Subject: IHT: Without Reform, Jakarta's Frail Empire Will Fall

International Herald Tribune 
September 19, 2000


Without Reform, Jakarta's Frail Empire Will Fall

By José Ramos-Horta 
International Herald Tribune

DILI, East Timor - The violence shaking Indonesia - in West Timor, the Moluccas, Aceh, West Papua and now in Jakarta itself - is threatening the giant country along its many ethnic and religious fault lines. A policy of military manipulation and repression is the root cause of this violence.

Indonesians are suffering the legacy of a misgoverned empire inherited from the Netherlands, compounded by more than three decades of brutal and corrupt rule by former President Suharto, backed by the armed forces. The systematic destruction of East Timor by the Indonesian military and its militia proxies, the orchestrated violence in Ambon, the years of war against the Acehnese, the long repression in West Papua, formerly Irian Jaya, were only possible in a society where fundamental civil, human and democratic rights were absent.

With a few noble exceptions, the Indonesian elite simply refuses to accept its responsibility for a country on the verge of disintegration. Instead, many Indonesian officials still invoke narrow nationalism and blame outsiders. They react with wounded pride and indignation, which make serious national self-examination impossible. In this frame of mind, they cannot begin to understand what went wrong.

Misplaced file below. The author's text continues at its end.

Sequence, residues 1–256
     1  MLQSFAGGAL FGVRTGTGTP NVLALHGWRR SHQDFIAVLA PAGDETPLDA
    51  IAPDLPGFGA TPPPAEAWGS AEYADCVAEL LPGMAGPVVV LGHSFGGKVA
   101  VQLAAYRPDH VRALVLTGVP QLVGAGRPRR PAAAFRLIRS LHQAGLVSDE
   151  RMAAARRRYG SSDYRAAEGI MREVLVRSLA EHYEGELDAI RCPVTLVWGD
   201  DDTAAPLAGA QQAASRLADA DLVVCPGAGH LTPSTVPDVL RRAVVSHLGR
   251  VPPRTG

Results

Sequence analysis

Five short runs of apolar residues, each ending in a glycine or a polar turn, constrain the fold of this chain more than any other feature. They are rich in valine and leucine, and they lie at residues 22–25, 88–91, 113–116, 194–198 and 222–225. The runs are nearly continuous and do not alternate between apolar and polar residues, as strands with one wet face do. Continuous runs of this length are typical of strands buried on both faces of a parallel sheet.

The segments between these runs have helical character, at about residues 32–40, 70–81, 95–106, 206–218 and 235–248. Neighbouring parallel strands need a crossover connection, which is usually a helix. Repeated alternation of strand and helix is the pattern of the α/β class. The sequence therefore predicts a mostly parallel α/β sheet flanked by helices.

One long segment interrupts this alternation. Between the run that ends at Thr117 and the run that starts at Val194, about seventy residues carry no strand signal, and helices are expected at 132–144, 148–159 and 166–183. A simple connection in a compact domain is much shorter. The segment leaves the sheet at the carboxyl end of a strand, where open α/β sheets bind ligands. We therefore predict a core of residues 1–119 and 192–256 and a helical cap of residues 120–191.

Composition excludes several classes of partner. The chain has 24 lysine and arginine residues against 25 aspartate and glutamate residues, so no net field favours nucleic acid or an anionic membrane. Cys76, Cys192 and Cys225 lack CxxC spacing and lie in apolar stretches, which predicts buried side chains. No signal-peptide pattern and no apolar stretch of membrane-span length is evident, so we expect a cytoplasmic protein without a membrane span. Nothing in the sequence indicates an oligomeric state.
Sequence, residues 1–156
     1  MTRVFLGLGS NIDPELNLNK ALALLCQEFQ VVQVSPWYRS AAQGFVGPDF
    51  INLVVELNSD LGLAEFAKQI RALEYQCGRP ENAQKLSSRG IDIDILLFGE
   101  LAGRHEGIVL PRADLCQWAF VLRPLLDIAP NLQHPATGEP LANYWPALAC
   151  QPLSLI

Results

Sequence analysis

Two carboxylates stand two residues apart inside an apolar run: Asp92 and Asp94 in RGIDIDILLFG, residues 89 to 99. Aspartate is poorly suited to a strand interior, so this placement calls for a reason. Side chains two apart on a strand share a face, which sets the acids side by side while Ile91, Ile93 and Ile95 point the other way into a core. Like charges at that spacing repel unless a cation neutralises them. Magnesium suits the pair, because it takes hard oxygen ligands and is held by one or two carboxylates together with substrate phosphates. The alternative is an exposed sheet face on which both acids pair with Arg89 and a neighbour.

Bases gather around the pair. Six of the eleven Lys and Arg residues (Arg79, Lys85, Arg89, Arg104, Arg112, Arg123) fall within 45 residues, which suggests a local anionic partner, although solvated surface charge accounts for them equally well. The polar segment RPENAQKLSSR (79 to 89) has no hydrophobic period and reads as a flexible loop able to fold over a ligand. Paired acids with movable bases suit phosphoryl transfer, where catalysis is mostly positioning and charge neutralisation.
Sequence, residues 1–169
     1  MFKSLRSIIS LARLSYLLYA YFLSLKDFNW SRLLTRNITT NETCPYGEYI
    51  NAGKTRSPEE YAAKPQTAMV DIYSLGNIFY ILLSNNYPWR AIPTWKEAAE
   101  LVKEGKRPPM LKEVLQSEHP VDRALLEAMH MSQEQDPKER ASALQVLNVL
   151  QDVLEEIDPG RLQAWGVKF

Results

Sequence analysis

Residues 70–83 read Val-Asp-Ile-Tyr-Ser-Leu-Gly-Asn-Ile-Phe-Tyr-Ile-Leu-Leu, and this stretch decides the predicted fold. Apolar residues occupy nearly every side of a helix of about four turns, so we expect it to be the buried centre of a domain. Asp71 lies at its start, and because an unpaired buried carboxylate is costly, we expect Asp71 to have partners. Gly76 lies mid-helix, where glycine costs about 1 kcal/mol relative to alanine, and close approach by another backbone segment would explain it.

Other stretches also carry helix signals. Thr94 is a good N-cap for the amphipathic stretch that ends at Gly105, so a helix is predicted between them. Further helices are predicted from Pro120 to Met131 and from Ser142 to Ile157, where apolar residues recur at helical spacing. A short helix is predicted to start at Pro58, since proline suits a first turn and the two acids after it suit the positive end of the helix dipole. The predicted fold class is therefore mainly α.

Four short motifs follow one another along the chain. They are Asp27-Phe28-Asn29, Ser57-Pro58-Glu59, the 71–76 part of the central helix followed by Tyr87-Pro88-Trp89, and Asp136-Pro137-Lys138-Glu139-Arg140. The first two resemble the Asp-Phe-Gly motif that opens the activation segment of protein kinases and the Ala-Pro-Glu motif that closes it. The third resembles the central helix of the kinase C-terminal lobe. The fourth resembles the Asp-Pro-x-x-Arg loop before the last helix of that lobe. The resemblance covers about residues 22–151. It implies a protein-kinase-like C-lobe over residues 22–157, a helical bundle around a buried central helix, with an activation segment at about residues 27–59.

If so many influential Indonesians, including those in the armed forces, cannot summon the courage and humility to accept that they are to blame for what has gone wrong in so many parts of their empire, then it will break up.

But there is still hope for a united Indonesia if it makes a new commitment to reform and democracy. Genuine autonomy for the regions must be implemented. Unfulfilled promises of autonomy by the government of President Abdurrahman Wahid will not help regain the confidence of disaffected people.

There should be no further compromise and tolerance with tyrants and the forces of evil. Reform of the armed forces, which is virtually at a standstill, must continue. The impunity of the officer caste must end. The victims of military abuses must see justice being done.

An international war crimes tribunal on East Timor should be established.

A year has passed since the Indonesian military presided over the violent depopulation of the territory. The Indonesian legal system has proven incapable of bringing to justice those responsible.

The United States, Europe and Japan should use their leverage and influence to push Indonesia back to the reform path. So should the World Bank, the Asian Development Bank and the International Monetary Fund. Only if serious reforms in the army are under way should the United States and Australia resume military cooperation with Indonesia.

None of Indonesia's neighbors in the Asia-Pacific region wants to see it become like the Balkans. The preservation of Indonesia's national integrity is in the best interests of all.

But if those in the Indonesian elite lack the courage and vision to acknowledge the root causes that threaten the unity of their country, Indonesia's friends can do nothing to prevent the empire from unraveling.

The writer is an East Timorese independence leader who was jointly awarded the Nobel Peace Prize in 1996. He contributed this comment to the International Herald Tribune.

September Menu
August Menu
World Leaders Contact List
Human Rights Violations in East Timor
Main Postings Menu

Note: For those who would like to fax "the powers that be" - CallCenter V3.5.8, is a Native 32-bit Voice Telephony software application integrated with fax and data communications... and it's free of charge! Download from